You’ve probably heard about certified mail and wondered what it’s all about. Is it used to send only a particular kind of mail, or is it used to send mail only to a particular kind of recipient? Certified mail is a very special kind of delivery service for mail that is offered by the U.S. Postal Service.
Certified mail allows senders to gain confirmation that the item they sent through the mail was delivered to and accepted by the intended recipient.
Any letter that qualifies as a certified letter is delivered to the recipient along with the regular mail-delivery service. There are some stark differences in how a certified letter works, however, as opposed to a regular letter. The letter will come with a green card known as the confirmation of delivery card. It is usually simply referred to as the "green card."
The recipient should sign this green card upon receipt of the letter as a sign that he has received the letter and accepted delivery. This transaction is then recorded, and it is considered legally binding. As long as you signed the green card, you are legally considered to have received and accepted a given letter on a given date at a given time, known as the certified mail delivery time. The record is admissible in a court of law. The record of the transaction is maintained by the post office and includes a number of details, including the fact that the delivery occurred on a certain date at a certain time, the name and signature of the person who received delivery of the letter and whether or not the delivery was accepted. Note that if you refuse to sign the green card, then you are considered to have refused the delivery.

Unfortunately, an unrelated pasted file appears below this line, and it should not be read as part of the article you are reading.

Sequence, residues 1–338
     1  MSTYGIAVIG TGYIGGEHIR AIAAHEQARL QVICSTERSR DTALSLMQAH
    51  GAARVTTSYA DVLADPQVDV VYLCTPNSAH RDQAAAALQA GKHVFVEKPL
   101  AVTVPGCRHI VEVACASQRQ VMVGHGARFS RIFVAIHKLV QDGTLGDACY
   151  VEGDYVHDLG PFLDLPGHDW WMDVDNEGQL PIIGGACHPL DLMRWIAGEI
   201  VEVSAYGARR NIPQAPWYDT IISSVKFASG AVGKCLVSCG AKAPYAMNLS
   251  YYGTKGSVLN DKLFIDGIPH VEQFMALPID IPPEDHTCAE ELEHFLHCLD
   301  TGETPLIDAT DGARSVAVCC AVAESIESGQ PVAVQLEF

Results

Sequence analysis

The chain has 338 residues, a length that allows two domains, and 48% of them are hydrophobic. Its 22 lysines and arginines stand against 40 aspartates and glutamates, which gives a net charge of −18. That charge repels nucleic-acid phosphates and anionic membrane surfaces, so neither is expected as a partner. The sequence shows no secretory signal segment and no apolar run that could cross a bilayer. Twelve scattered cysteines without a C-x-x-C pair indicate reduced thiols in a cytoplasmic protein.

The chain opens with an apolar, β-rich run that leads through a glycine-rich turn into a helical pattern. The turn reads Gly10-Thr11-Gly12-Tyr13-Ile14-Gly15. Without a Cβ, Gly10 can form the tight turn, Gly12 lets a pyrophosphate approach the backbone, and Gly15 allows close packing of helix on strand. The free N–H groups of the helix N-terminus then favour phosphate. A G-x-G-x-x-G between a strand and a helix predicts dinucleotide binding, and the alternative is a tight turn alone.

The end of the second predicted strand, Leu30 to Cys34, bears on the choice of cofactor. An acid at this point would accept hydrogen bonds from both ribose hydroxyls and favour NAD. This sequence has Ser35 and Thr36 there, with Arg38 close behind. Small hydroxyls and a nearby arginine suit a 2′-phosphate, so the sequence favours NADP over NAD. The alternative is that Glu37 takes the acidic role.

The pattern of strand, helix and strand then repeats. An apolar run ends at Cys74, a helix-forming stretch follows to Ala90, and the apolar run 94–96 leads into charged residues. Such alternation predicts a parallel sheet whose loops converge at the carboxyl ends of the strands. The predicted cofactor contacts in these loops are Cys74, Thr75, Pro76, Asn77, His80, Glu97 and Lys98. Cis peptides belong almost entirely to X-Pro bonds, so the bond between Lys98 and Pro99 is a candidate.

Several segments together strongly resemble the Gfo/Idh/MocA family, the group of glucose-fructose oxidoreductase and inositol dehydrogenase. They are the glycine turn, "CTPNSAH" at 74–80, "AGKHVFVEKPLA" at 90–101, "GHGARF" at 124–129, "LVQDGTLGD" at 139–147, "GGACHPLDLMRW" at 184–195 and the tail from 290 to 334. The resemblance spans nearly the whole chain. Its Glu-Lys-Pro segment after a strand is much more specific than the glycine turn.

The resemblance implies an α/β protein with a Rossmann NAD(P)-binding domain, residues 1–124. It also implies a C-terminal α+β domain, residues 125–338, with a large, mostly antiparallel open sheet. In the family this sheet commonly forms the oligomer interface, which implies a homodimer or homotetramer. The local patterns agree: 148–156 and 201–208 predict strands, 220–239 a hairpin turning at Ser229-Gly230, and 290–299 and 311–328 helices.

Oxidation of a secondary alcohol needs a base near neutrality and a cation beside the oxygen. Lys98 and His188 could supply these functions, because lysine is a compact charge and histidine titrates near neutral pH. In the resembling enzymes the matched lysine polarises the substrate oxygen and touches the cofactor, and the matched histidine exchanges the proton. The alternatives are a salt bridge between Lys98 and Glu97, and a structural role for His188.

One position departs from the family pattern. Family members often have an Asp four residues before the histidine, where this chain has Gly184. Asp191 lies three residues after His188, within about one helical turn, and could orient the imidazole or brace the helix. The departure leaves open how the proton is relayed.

Certified mail is especially sent by people who would like confirmation of receipt by their recipients. They don’t want to leave any loose ends for legal reasons. For example, legal documents and letters such as notices of divorce are commonly sent via certified mail. For a little extra fee, the sender gets to know for sure that the recipient received the mail and accepted it or rejected it, which makes it much easier to take further action.
It all starts with form 3800. That is the special form one has to complete in order to prepare mail for the certified mail service. The form itself is actually the green card that is eventually attached to the certified mail. It can be found at any U.S. post office. The certified mail’s cost is equivalent to the cost of sending a regular letter plus a small premium that covers the special certification and administration services. If the sender would like to receive a signed copy confirming that the green card was signed, then they will pay a small extra fee.
The sender can also request something known as restricted delivery, where it is ensured that the certified mail is received only by a certain individual. The letter carrier will be provided with instructions that only the person for whom the certified mail is intended can accept delivery.
The sender of the certified mail will receive a receipt from the post office once she has paid for the service. Included on the receipt will be a numerical identifier that can be used for certified mail tracking to confirm delivery online. Certified mail is a way to legally confirm delivery and acceptance of a piece of mail on a given date at a given time. If the sender would like to receive the confirmation in physical form, she will be mailed a confirmation letter as well as a copy of the signed letter via regular mail.